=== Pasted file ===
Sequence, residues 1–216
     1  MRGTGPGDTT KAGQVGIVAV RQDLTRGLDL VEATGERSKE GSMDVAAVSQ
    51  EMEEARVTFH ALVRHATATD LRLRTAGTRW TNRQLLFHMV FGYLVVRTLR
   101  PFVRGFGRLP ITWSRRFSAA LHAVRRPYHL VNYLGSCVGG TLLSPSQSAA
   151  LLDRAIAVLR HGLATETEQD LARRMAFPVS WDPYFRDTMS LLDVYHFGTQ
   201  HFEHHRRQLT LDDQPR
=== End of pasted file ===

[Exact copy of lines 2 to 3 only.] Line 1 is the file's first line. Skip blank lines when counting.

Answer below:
     1  MRGTGPGDTT KAGQVGIVAV RQDLTRGLDL VEATGERSKE GSMDVAAVSQ
    51  EMEEARVTFH ALVRHATATD LRLRTAGTRW TNRQLLFHMV FGYLVVRTLR